Why Warren Buffett is buying railroads

Improved technology and fuel efficiency have made the rails a perfect industry for the 21st century.

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By Michael Sivy, Money Magazine editor at large

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E-mail Money Magazine editor-at-large Michael Sivy at msivy@moneymail.com.
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(Money Magazine) -- Want to invest in a green industry that employs the latest technology, reduces U.S. oil consumption and is priced very attractively? Look no further than the railroads. Laggards for decades after the 19th-century boom ended, they're hot again.

"There was steady traffic growth until last year, and the trend looks good once the economy gets back up to speed," says Kenneth Kremar, an economist who follows the railroad industry for consulting firm Global Insight. Perhaps that's why railroad stocks have largely escaped the battering that other sectors have taken so far this year.

Of course, their business could still be hurt temporarily if the economy deteriorates further. But eventually, says Kremar, "we'll see a pickup in demand, especially in the kinds of commodities railroads carry."

Astute investors are climbing aboard. Warren Buffett has been loading up on shares of Burlington Northern Santa Fe and was buying in January at prices only 13% below current levels. (News of his buying boosted the stock.) At last count, he owned more than 18% of the company.

The chief reason that the railroads' long-term prospects look so good today is that they began upgrading their operations soon after the industry was largely deregulated in 1980. "The railroads finally had an incentive, as well as the cash flow, to reinvest," says Robert E. Gallamore, a former Union Pacific executive and former director of the Transportation Center at Northwestern University.

Those investments took a while to pay off. But the ultimate result, says Gallamore, has been a huge increase in productivity. There are seven giant North American freight railroads, which handle 90% of the continent's traffic. The two largest are Burlington Northern and Union Pacific, both of which are in the Sivy 70.

Here are some of the specific trends that have contributed to the industry's success and that are likely to continue to drive growth:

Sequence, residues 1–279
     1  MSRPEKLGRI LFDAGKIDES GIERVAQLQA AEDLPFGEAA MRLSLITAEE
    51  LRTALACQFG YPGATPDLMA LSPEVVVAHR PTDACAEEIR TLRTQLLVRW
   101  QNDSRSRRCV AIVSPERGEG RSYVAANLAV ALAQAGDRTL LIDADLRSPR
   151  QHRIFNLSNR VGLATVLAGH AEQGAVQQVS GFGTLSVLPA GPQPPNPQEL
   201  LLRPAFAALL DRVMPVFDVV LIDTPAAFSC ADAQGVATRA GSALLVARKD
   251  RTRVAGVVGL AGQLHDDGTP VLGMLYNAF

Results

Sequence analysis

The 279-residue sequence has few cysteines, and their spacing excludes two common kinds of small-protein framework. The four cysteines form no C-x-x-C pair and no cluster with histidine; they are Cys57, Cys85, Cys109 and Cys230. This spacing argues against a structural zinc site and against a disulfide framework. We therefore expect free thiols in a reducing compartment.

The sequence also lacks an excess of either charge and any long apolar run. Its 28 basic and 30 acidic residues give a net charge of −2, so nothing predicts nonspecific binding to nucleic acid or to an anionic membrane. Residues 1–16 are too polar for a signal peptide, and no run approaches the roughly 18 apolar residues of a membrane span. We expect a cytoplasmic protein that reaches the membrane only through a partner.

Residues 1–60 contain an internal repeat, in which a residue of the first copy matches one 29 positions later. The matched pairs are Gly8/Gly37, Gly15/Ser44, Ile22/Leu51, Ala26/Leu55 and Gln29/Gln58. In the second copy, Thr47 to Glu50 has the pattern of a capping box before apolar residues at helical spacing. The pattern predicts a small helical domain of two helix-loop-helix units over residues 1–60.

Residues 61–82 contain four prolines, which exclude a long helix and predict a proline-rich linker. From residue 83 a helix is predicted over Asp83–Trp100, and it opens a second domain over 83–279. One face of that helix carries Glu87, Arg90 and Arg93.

Technology is creating greater cost efficiencies. Railroads have been merging, and these big systems can enjoy enormous cost efficiencies.

"The key is knowing where your cars are at all times," explains Kremar. Sophisticated software calculates the best way to put different cars together into trains. And onboard electronics assess topography, track curvature, train length and weight to calculate the optimum speed for conserving fuel.

Overall, the Federal Railroad Administration calculates that productivity has more than doubled since 1990.

Globalization and growth are providing a lot of new business. Railroad capacity can be increased only slowly, while demand has been rising quickly. That gives the industry some ability to raise rates.

In addition to domestic growth, booming imports from Asia and from NAFTA partners Canada and Mexico are contributing, and so is foreign demand for U.S. coal and grain.

The ethanol industry has also created a new source of business. "Both the corn used to make ethanol and the finished product are most likely to be shipped by rail," says Kremar.

Railroads are far more energy-efficient than their competition. Locomotives today get 80% more mileage from a gallon of diesel than they did in 1980. As a result, trains consume far less fuel than trucks do to move the same amount of freight.

That not only saves on costs, it reduces emissions of greenhouse gases. In fact, the Environmental Protection Agency calculates that for distances of more than 1,000 miles, using trains rather than trucks alone reduces fuel consumption and greenhouse gas emissions by 65%.

A second-half rebound

Railroads have seen a drop-off in shipments connected with home building and construction during the past few months, but most other business lines are solid.

And earnings held up fairly well last year. Union Pacific (UNP, Fortune 500) reported a small earnings increase for the fourth quarter and a 17% rise for 2007 as a whole. Some of that profit gain was attributable to stock repurchases.

UP expects some softness in the first half of 2008, with a pickup in business in the second half. For the year as a whole, earnings are expected to top $8 a share, a gain of more than 15% compared with last year. Based on those estimates, the shares are currently selling at a 15.1 price/earnings ratio.

Burlington Northern's (BNI, Fortune 500) results have been less robust recently. Although the company has bought back more than 14 million shares, both fourth-quarter and full-year earnings were just about flat.

Burlington has been cautious in its predictions for 2008, but earnings are projected to grow more than 14% annually over the next five years. The shares trade at just under a 15 P/E.

Burlington has a record of more consistent management than Union Pacific does. As a result, some analysts think Burlington has the better long-term prospects - an assessment with which Buffett seems to agree. To top of page

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